Originally published in Issue 5 - Mar 17, 1997
The press has recently covered a controversy between the City and the State involving millions of dollars of education aid, the latest skirmish in an ongoing battle involving the technically complex system of State reimbursement for City Board of Education (BOE) expenditures. School districts are typically partially reimbursed in the next fiscal year for expenditures for a variety of services provided by the district, such as transportation and special education. However, there are often delays in the submission of reimbursement claims by districts. These late claims are approved and paid through a legally and bureaucratically cumbersome process which can take years to complete. The major obstacle to prior-year claim payment is a structural bottleneck in the State aid formula limiting the total amount of statewide prior-year reimbursement to $21.8 million. State law caps the City’s share of these funds at 40 percent, further constraining pay-out to the City.
This payment method grew problematic when school districts fell increasingly behind in their submission of claims, making it difficult for the State to predict its own expenditures. In response, State lawmakers established a deadline for prior-year claims in the 1994-95 State budget. While school districts such as New York City filed their claims by the statutory deadline, no law required the State to provide reimbursement to school districts in a timely manner. The deadline’s effect was to increase the influx of claims without increasing the outflow of reimbursement funds.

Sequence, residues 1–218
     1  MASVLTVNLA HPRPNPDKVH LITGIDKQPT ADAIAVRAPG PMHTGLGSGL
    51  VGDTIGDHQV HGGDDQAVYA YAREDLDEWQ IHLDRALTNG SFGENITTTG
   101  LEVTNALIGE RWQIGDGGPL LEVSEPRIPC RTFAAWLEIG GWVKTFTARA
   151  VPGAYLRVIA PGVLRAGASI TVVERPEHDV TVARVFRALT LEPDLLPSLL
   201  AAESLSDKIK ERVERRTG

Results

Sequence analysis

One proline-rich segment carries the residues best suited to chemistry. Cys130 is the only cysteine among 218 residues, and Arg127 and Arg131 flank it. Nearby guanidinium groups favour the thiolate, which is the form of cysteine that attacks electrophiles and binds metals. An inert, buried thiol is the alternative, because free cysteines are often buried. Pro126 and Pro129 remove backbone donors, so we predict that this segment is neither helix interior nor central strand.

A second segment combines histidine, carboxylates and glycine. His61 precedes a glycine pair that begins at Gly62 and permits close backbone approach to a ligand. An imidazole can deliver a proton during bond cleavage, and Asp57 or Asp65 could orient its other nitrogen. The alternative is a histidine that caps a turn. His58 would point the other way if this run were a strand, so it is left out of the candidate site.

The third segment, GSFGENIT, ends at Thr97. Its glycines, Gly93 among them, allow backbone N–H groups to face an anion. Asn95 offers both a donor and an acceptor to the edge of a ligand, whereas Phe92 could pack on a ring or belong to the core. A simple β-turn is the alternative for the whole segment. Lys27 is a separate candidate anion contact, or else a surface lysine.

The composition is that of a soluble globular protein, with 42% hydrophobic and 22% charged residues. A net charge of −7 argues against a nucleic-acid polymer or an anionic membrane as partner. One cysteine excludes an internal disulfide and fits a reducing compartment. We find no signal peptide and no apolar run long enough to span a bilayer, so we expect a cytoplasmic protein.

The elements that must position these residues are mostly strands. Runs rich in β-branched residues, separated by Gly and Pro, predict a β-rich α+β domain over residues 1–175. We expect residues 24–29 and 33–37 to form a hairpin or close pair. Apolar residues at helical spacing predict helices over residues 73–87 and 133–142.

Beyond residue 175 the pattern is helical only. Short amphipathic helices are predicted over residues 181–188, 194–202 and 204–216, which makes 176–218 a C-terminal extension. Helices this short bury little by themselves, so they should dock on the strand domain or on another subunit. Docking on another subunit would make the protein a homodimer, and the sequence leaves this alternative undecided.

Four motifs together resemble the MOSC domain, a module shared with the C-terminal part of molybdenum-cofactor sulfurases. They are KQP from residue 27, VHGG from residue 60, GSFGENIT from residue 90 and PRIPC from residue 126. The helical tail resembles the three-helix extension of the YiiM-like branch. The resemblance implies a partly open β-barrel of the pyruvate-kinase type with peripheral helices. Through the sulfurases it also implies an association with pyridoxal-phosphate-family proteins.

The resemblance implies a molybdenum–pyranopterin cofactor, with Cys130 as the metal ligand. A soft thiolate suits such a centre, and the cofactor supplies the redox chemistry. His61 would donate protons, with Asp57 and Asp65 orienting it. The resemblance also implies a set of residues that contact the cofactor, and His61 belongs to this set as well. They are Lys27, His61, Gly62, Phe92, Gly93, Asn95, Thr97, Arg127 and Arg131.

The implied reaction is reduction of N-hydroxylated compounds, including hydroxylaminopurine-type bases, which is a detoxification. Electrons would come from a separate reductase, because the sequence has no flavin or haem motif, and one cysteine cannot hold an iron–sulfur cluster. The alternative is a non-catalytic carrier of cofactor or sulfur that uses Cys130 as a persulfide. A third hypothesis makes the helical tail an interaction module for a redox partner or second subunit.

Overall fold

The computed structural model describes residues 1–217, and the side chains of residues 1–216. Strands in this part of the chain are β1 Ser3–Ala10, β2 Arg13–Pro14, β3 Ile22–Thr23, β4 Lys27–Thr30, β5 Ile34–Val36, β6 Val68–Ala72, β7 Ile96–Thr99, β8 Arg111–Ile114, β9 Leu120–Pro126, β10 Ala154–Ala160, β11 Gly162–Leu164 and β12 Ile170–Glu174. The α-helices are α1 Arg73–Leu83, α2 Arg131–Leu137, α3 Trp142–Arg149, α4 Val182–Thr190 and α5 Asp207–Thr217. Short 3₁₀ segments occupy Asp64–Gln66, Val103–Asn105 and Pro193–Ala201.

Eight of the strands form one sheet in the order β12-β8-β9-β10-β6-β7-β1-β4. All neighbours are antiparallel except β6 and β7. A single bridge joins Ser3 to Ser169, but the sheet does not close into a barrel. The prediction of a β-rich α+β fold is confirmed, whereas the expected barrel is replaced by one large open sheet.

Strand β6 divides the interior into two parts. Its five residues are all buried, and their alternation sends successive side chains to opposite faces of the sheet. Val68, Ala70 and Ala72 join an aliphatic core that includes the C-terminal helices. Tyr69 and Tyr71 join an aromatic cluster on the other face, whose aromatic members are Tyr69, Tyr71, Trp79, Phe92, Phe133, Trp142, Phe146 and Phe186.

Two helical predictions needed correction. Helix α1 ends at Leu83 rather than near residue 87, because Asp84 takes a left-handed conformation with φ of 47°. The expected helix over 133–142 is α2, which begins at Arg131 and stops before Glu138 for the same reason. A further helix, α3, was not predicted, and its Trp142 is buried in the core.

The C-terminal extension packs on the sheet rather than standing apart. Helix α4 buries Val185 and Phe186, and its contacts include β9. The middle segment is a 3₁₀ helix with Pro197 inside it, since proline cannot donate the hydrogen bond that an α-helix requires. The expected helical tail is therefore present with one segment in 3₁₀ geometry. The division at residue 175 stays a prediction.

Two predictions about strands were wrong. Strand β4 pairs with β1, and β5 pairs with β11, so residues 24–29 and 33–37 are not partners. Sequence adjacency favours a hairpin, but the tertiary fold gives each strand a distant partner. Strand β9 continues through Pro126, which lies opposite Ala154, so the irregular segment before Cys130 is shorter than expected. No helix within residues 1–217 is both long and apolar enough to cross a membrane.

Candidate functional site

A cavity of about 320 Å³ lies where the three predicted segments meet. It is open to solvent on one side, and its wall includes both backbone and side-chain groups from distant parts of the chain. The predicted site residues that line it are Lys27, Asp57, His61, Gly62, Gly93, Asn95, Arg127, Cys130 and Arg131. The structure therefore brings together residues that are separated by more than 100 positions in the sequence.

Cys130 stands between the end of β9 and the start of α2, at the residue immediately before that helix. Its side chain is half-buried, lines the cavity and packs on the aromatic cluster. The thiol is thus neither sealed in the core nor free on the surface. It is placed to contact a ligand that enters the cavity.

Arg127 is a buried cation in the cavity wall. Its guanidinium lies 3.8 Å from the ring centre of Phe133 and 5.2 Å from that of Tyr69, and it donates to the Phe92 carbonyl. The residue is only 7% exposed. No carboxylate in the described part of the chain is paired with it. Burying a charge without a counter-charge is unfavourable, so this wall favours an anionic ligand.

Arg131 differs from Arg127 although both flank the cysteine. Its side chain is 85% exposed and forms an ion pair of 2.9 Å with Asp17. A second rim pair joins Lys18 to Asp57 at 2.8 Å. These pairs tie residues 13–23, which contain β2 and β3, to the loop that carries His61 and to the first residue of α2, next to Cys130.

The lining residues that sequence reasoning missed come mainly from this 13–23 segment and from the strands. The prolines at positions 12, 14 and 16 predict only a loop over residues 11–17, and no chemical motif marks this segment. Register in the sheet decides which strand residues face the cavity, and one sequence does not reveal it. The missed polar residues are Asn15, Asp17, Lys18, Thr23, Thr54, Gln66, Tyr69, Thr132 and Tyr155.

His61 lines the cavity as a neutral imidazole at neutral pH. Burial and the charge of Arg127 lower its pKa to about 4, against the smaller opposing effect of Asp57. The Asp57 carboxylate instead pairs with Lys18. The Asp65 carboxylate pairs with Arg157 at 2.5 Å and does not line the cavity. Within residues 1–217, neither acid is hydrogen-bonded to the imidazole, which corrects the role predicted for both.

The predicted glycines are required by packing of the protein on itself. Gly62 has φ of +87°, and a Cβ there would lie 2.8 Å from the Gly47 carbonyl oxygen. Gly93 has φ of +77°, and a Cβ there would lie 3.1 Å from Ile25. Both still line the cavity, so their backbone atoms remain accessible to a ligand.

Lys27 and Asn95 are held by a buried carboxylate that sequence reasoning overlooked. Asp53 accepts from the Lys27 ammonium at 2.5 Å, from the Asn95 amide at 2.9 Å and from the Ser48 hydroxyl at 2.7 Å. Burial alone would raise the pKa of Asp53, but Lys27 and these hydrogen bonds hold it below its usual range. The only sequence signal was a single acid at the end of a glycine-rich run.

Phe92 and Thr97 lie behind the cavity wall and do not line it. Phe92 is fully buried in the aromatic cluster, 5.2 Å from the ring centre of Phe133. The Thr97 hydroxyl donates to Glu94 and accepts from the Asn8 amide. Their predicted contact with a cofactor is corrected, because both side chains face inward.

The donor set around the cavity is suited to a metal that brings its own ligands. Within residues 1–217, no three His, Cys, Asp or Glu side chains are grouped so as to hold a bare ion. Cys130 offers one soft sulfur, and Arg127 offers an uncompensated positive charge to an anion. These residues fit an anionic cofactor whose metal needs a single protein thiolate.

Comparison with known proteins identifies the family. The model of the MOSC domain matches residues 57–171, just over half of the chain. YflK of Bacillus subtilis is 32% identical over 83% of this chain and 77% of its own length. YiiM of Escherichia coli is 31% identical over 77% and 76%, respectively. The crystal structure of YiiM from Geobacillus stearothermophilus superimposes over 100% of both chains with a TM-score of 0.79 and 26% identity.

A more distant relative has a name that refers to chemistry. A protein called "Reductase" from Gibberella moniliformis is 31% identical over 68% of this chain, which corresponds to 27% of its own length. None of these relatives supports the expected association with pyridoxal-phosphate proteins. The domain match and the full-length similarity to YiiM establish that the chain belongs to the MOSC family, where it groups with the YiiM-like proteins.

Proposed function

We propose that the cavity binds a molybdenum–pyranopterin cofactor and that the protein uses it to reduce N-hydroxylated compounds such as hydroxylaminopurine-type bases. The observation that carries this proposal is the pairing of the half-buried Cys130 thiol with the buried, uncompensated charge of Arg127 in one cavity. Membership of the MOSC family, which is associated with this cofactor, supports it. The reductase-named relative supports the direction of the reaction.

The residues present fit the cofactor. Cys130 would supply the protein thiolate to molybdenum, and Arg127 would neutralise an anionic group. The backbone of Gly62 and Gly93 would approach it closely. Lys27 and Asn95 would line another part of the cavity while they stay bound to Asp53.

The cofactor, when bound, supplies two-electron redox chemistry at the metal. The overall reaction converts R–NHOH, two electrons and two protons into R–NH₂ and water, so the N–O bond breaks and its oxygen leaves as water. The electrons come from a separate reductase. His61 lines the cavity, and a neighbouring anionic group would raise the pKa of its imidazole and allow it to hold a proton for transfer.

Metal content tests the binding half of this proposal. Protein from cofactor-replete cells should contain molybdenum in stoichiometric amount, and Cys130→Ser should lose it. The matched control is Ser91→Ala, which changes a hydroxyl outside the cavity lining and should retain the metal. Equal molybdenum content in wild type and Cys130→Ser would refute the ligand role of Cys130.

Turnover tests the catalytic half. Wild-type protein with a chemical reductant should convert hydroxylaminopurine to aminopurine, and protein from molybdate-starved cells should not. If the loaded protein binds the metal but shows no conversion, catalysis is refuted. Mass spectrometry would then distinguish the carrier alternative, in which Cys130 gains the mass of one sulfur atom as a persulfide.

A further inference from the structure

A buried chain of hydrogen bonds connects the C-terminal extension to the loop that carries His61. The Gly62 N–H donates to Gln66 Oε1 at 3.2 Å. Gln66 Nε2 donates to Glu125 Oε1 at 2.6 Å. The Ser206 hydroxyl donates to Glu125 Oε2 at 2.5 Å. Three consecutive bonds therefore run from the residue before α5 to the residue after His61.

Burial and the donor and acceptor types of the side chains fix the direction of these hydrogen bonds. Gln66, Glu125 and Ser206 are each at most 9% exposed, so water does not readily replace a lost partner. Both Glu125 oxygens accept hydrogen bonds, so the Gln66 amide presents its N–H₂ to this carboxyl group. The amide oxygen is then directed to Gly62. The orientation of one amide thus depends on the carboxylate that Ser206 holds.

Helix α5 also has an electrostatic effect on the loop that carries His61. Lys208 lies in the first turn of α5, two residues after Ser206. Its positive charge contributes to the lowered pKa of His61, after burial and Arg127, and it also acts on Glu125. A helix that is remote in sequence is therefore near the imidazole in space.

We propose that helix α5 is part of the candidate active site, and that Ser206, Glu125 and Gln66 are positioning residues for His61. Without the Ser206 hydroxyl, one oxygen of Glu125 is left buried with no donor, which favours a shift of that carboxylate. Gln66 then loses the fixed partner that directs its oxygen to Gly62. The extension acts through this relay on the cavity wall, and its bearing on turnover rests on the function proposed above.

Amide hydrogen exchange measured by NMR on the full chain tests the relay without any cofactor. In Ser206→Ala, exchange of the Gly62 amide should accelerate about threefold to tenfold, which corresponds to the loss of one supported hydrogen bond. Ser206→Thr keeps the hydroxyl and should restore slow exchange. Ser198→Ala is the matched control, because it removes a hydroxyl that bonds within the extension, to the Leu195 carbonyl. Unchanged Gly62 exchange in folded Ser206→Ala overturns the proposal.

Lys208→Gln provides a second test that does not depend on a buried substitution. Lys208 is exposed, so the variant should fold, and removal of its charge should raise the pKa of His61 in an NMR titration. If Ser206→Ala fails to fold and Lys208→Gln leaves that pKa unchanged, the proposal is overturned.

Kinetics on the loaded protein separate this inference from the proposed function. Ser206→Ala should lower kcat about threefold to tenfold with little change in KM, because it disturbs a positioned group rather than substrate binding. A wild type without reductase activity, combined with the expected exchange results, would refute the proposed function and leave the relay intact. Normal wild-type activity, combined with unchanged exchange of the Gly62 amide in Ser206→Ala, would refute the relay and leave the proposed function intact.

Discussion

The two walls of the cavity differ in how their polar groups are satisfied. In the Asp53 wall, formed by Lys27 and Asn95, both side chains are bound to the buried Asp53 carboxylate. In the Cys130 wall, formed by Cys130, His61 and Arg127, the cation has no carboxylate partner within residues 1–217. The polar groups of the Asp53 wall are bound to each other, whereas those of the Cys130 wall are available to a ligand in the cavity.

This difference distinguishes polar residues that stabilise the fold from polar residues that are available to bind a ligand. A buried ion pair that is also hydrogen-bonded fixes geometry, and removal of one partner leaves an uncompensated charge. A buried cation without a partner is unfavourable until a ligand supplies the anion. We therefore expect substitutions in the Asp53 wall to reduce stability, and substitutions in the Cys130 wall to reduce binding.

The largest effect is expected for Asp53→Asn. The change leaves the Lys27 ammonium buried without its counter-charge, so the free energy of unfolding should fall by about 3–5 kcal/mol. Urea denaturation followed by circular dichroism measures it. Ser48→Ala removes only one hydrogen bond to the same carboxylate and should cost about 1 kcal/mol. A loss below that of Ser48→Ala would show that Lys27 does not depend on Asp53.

State audits to date show that the city is owed $108.8 million in aid for prior year claims for services provided between 1989 and 1991. According to the State, an additional $547.5 million of City claims must still be approved for expenditures made between 1989 and 1995. BOE claims that the State actually owes the City a total of $900 million retroactive to 1989, including $244 million in past special education expenditures reimbursed through a separate formula.
Even using the State’s lower estimation, it would take the State 75 years to reimburse the City through at its current rate of $8.7 million a year. Since the City carries prior-year claims reimbursement in its budget, reimbursement delays could force the City to write-off the anticipated aid, opening a hole in the current budget.